G8 leaders issued a closing statement on the second and final day of their summit in Northern Ireland backing calls for Syria peace talks in Geneva "as soon as possible."
The UK's David Cameron said leaders had "overcome fundamental differences,” but there was no timetable for the Geneva talks or mention of Bashar al-Assad's future role.
The Kremlin refused to support any statement making Assad's removal from power an explicit goal.
Answering one of his final questions, the Russian President Vladimir Putin said Western states should think "very carefully" before arming the Syrian opposition.
He mentioned the recent fatal stabbing of British soldier Lee Rigby on the streets of London, comparing "many" of the Syrian rebels to the perpetrators.
"We fulfill legal contracts" delivering weapons to Assad, Putin said, adding non-government Syrian groups should not be supplied with arms.
French President Francois Hollande said it's necessary to give the Syrian opposition all the support it needs -- humanitarian, material, and political -- whilst weeding out "terrorist" elements.
He said Putin accepted participating in discussions about Syria in order to try to find joint positions, including the need for an enquiry into the use of chemical weapons.
The French leader said the proposed Geneva conference "could happen within a short period of time" and it represents a chance for a political transition. It was in Putin’s interests to make the Geneva peace conference on Syria happen, he said.
Here is what the G8 leaders said on Syria in their final statement:
82. We are determined to work together to stop the bloodshed and loss of life in Syria and to support the Syrian people to establish peace and stability through political means. We are gravely concerned at the appalling human tragedy that the UN estimates has cost the lives of over 93,000 people and led to 4.2 million internally displaced persons and 1.6 million refugees. We acknowledge the vital humanitarian role played by neighboring countries hosting Syrian refugees, above all Lebanon and Jordan, in dealing with the significant economic and security pressures they are facing as a result of the conflict and refugee influx.
83. Given the extraordinary humanitarian need as reflected in the latest UN appeal for $5.2 billion in 2013, we are resolved to make exceptional contributions commensurate with the scale of the problem. At this meeting G8 Leaders confirmed additional contributions of almost $1.5 billion to meet humanitarian needs in Syria and its neighbors. We recognize that further contributions will be needed given the scale of the challenge. We urge other countries and organizations to make similar commitments. We call for aid agencies to be given immediate access to provide humanitarian assistance to all civilians in need, in accordance with humanitarian principles and international law, particularly in the worst affected areas such as Qusayr.
84. We remain committed to achieving a political solution to the crisis based on a vision for a united, inclusive and democratic Syria. We strongly endorse the decision to hold as soon as possible the Geneva Conference on Syria to implement fully the Geneva Communiqué of 30 June 2012, which sets out a number of key steps beginning with agreement on a transitional governing body with full executive powers, formed by mutual consent. As the Geneva Communiqué says, the public services must be preserved or restored. This includes the military forces and security services. However all governmental institutions and state offices must perform according to professional and human rights standards, operating under a top leadership that inspires public confidence, under the control of the transitional governing body.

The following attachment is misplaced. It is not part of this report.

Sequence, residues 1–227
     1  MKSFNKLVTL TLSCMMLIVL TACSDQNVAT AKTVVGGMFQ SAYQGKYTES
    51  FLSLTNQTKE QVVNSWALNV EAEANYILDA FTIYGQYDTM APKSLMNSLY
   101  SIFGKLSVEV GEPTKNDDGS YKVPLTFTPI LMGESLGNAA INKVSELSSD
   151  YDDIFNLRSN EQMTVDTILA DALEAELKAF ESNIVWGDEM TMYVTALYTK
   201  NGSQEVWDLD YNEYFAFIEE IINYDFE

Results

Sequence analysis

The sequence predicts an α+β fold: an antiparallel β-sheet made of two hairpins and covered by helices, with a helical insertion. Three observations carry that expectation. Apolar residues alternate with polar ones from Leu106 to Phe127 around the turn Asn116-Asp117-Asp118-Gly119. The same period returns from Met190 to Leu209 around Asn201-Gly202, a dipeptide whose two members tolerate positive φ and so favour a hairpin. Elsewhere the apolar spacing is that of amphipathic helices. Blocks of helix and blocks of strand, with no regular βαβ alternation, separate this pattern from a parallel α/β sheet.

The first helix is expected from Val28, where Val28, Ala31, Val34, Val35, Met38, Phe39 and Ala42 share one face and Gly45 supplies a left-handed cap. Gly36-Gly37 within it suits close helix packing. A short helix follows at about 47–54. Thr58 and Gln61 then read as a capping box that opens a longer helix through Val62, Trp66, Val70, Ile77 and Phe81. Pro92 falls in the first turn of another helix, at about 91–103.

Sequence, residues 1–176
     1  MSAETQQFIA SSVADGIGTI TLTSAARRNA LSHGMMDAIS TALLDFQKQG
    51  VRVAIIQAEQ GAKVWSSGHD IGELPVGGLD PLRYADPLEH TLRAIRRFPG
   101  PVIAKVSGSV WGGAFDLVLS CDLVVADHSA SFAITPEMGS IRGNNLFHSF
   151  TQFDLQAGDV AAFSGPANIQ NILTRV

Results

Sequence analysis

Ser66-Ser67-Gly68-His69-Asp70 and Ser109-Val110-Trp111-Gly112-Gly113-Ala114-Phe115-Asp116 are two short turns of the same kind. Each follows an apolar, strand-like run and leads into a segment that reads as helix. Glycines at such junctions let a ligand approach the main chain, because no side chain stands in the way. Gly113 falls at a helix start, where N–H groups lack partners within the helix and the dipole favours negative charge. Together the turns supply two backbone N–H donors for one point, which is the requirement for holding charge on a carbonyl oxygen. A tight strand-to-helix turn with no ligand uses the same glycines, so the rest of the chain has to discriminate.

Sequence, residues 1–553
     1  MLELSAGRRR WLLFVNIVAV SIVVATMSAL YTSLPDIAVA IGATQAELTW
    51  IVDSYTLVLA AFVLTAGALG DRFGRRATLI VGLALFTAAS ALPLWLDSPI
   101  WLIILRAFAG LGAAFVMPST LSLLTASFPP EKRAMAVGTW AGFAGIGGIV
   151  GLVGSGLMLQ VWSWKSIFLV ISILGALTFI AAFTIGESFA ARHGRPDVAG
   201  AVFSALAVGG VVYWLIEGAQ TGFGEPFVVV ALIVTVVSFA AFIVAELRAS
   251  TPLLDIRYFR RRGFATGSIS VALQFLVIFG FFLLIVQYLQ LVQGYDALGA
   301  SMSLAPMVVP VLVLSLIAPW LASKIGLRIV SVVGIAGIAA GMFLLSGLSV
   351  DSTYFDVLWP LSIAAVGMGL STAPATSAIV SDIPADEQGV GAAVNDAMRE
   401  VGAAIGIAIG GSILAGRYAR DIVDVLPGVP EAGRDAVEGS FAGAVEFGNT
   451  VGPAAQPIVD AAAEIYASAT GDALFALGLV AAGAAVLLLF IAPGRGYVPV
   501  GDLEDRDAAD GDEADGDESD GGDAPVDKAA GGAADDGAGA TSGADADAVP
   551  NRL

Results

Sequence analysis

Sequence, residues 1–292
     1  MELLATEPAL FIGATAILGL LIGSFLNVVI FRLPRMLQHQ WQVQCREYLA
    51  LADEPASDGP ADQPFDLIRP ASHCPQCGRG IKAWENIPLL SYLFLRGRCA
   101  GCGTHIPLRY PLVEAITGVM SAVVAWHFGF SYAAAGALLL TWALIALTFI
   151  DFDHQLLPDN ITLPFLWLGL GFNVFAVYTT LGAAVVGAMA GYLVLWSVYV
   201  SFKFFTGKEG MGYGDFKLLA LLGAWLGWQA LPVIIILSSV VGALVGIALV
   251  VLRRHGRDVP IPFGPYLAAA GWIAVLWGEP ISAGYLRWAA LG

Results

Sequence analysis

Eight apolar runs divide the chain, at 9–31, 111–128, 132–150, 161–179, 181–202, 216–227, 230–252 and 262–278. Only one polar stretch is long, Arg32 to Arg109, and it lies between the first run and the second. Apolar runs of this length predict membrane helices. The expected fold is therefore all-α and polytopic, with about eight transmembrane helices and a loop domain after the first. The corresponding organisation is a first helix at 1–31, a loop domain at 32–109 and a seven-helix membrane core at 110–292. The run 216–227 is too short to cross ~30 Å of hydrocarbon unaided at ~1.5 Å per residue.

85. Both sides at the Conference must engage seriously and constructively. They should be fully representative of the Syrian people and committed to the implementation of the Geneva Communiqué and to the achievement of stability and reconciliation. We will engage actively with the parties in order to achieve successful outcomes.
86. We are deeply concerned by the growing threat from terrorism and extremism in Syria, and also by the increasingly sectarian nature of the conflict. Syria must belong to all Syrians, including its minorities and all religious groups. We call on the Syrian authorities and opposition at the Geneva Conference jointly to commit to destroying and expelling from Syria all organizations and individuals affiliated to Al Qaeda, and any other non-state actors linked to terrorism. We will support UN planning for Syria’s transition, recovery, and reconstruction needs, in particular by maintaining continuity of state institutions during transition and helping to ensure that the security forces are effective, accountable and able to deal with the threat of terrorism and extremism.
87. We condemn any use of chemical weapons in Syria and call on all parties to the conflict to allow access to the UN investigating team mandated by the UN Secretary-General, and drawing on the expertise of the Organization for the Prohibition of Chemical Weapons (OPCW) and World Health Organization (WHO), in order to conduct an objective investigation into reports of use of chemical weapons. The UN team should make their report and deliver it to the UN Security Council for their assessment. We are determined that those who may be found responsible for the use of chemical weapons will be held accountable. We emphasize the need for the secure and safe storage of all chemical weapons in Syria, pending their destruction under international verification. We also condemn in the strongest possible terms all human rights violations and abuses in Syria, committed by anyone, including indiscriminate attacks on civilians. We call on all sides to respect international humanitarian and human rights laws, noting the particular responsibility of the Syrian authorities in this regard.